2012 Human Freedom Index and Sub-Indices


I have decided to create one more data visualization using the data published in the latest Human Freedom Index report.  Human Freedom Index, by Ian Vásquez and Tanja Porčnik is Co-published by the Cato Institute, the Fraser Institute in Canada, and the Liberales Institut at the Friedrich Naumann Foundation for Freedom in Germany.

You can grab a copy of the report from this link

The Human Freedom Index (HFI) claims to be the most comprehensive freedom index so far created for a globally meaningful set of countries. The HFI covers 152 countries for 2012, the most recent year for which sufficient data is available.

On a scale of 0 to 10, where 10 represents more freedom, the nonweighted average rating for 152 countries in 2012 was 6.96.

In terms of Freedom Index and Personal Freedom , Nepal ranks second to India in South Asian region among five reported countries – India, Nepal, Sri Lanka, Bangladesh and Pakistan. Freedom Index of Nepal is 6.10 while India stands at 6.93, Sri Lanka (6.16), Bangladesh (5.82) and Pakistan (5.41).

Sri Lanka tops the race in Economic Freedom Index followed by India, Bangladesh, Pakistan and Nepal. It is interesting to notice that Nepal ranks lowest among five South Asian Nations when it comes to Economic Freedom.

The top 10 jurisdictions in order were Hong Kong, Switzerland, Finland, Denmark, New Zealand, Canada, Australia, Ireland, the United Kingdom, and Sweden. The United States is ranked in 20th place. Other countries rank as follows: Germany (12), Chile (18), Japan (28), France (33), Singapore (43), South Africa (70), India (75), Brazil (82), Russia (111), China (132), Nigeria (139), Saudi Arabia (141), Venezuela (144), Zimbabwe (149), and Iran (152).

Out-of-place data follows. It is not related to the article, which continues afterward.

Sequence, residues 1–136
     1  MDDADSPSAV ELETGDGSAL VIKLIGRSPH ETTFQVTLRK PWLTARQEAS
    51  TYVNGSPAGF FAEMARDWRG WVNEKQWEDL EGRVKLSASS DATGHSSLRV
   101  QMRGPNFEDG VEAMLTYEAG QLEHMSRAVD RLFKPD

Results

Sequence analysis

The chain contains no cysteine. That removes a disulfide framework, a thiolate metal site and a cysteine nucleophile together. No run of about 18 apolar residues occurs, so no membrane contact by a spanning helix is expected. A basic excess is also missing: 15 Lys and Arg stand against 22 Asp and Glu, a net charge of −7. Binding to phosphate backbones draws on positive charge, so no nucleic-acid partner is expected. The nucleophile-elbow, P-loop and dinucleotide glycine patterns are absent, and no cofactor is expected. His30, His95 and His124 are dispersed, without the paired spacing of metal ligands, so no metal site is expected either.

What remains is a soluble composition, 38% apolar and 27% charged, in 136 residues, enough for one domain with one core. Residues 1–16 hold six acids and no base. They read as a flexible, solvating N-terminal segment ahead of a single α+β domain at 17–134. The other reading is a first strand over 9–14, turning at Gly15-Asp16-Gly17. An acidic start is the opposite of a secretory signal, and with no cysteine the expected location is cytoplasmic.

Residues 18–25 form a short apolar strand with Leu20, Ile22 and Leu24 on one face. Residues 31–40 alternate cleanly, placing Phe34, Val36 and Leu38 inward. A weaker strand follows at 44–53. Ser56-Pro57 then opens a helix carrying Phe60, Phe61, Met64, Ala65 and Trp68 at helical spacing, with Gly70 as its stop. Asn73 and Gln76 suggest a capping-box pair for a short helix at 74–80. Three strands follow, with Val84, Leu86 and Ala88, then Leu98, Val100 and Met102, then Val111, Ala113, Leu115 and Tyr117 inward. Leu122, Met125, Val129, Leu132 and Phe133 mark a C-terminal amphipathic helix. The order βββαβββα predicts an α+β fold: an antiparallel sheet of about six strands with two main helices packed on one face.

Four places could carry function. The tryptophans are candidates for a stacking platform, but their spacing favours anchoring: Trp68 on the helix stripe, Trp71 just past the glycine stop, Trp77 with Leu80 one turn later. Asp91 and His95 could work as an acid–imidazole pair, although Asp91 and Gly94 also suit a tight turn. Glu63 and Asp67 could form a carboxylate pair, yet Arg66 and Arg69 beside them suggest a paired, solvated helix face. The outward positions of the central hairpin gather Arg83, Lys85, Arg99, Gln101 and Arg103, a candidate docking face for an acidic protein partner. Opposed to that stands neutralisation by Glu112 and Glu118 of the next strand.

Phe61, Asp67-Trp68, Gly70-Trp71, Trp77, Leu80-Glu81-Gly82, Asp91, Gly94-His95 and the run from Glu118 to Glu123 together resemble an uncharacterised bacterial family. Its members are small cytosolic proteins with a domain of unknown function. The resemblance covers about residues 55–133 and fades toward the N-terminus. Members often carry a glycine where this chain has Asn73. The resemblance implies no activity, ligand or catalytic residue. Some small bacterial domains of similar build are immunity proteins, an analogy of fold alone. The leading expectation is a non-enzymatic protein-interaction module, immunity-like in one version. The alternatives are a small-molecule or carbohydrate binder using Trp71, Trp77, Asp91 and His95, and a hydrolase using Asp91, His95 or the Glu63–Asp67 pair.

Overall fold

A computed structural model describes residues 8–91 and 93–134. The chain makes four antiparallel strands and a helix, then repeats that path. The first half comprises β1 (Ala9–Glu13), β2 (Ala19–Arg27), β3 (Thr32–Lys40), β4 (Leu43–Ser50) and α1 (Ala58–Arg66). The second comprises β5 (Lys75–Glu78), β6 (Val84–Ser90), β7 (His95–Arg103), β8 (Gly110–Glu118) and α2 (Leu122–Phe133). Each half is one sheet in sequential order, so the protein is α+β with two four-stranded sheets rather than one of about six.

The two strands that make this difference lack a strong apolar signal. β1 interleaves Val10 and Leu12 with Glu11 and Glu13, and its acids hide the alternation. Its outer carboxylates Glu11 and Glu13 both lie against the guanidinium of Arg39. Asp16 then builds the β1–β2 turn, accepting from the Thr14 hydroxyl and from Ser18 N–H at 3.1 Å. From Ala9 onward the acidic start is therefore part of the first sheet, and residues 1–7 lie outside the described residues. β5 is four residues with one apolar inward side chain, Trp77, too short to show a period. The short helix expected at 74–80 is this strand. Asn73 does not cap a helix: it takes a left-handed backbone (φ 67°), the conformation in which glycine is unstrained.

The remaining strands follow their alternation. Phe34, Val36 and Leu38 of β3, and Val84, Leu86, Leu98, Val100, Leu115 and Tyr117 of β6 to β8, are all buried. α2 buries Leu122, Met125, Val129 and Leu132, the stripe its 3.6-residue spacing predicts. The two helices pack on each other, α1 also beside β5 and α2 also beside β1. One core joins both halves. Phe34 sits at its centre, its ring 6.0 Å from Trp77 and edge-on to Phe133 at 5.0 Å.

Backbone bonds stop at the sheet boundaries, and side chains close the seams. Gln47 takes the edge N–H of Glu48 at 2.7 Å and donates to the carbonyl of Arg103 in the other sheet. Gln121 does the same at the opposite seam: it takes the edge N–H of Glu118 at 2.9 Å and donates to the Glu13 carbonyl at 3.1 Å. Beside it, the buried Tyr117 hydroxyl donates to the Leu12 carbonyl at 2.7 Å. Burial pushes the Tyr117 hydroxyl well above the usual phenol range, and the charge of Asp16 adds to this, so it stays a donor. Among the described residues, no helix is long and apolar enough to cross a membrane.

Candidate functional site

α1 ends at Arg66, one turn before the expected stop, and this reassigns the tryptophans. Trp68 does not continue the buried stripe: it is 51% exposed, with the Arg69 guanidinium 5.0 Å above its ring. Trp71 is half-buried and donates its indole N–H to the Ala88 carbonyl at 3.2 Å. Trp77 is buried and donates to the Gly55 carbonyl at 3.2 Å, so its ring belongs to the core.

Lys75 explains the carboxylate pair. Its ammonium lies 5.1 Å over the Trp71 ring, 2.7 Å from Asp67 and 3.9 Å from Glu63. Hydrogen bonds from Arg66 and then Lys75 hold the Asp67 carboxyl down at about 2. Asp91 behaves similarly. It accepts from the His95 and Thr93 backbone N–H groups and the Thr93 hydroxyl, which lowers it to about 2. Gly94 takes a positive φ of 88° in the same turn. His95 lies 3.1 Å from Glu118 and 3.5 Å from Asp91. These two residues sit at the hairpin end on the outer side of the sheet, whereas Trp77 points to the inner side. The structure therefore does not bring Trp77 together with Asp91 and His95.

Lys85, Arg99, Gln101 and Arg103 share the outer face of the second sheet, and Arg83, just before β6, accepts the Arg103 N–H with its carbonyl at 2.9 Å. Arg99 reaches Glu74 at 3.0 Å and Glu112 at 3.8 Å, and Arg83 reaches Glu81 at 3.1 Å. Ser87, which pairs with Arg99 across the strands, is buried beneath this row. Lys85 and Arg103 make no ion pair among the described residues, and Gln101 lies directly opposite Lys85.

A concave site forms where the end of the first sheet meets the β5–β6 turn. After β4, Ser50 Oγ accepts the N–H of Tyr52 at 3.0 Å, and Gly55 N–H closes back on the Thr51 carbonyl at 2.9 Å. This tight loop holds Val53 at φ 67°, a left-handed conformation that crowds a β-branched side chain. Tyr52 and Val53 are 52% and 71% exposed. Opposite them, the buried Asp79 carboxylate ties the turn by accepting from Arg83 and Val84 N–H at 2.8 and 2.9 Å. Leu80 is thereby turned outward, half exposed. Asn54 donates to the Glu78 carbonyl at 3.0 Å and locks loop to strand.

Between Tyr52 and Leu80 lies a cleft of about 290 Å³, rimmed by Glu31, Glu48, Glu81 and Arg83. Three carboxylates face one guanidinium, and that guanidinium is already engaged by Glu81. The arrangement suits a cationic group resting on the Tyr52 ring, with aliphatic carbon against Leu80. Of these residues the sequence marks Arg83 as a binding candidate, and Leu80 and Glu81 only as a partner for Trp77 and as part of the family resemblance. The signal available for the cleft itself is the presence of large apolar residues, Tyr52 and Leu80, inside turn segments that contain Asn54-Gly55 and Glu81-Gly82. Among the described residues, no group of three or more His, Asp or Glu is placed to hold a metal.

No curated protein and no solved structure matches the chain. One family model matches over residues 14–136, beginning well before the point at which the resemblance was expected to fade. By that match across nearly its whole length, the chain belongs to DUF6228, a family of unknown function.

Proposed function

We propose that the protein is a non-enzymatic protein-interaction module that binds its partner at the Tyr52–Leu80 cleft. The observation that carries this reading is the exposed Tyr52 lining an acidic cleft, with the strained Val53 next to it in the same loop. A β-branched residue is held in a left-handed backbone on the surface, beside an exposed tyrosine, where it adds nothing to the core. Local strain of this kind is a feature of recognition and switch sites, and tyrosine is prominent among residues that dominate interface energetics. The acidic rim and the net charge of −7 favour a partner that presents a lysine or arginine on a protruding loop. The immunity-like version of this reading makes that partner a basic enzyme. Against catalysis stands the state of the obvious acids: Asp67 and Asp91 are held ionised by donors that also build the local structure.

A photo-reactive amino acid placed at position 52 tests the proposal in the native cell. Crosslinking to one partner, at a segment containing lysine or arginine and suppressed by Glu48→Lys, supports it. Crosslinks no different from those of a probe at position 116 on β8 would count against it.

Out of 17 regions, the highest levels of freedom are in Northern Europe, North America (Canada and the United States), and Western Europe. The lowest levels are in the Middle East and North Africa, Sub-Saharan Africa, and South Asia. Women’s freedoms, as measured by five relevant indicators in the index, are most protected in Europe and North America and least protected in South Asia, Sub-Saharan Africa, and the Middle East and North Africa.

Countries in the top quartile of freedom enjoy a significantly higher per capita income ($30,006) than those in other quartiles; the per capita income in the least-free quartile is $2,615. The HFI finds a strong correlation between human freedom and democracy. Hong Kong is an outlier in this regard.

The findings in the HFI suggest that freedom plays an important role in human well-being, and they offer opportunities for further research into the complex ways in which freedom influences, and can be influenced by, political regimes, economic development, and the whole range of indicators of human well-being.

Please excuse me for this poorly embedded document. You can play with it more conveniently from this link.

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